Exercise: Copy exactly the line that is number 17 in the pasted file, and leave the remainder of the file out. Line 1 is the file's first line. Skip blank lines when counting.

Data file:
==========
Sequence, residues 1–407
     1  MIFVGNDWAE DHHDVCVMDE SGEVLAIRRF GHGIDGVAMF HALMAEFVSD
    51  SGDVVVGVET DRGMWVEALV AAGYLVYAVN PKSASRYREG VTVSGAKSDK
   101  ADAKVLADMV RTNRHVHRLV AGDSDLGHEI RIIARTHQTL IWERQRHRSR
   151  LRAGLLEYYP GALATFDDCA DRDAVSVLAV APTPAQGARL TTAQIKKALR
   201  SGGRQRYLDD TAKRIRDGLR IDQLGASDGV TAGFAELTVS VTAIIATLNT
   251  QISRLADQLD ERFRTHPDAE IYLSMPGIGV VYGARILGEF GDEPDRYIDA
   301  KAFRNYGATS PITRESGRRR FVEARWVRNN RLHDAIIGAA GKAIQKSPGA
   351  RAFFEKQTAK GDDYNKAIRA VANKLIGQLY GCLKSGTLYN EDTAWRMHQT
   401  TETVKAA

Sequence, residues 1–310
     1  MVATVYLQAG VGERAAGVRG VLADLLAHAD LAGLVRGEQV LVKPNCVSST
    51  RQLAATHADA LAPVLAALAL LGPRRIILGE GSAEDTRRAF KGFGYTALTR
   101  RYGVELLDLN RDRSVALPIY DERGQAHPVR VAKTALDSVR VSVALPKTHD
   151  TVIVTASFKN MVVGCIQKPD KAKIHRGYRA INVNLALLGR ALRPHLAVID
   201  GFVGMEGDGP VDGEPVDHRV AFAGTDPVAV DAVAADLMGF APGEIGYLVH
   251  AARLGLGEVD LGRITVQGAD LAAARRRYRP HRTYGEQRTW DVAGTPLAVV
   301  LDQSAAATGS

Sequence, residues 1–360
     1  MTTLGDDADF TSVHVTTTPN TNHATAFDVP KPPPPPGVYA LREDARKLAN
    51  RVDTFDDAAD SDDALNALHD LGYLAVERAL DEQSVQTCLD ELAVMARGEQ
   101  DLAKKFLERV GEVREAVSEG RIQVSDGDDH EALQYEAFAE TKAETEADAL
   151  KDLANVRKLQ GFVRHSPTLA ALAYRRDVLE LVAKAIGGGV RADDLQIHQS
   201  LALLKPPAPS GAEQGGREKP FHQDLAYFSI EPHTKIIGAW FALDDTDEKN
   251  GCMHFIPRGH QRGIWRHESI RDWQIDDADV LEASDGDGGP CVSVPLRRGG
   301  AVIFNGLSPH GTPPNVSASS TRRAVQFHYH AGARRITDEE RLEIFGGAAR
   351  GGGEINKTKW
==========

   251  AARLGLGEVD LGRITVQGAD LAAARRRYRP HRTYGEQRTW DVAGTPLAVV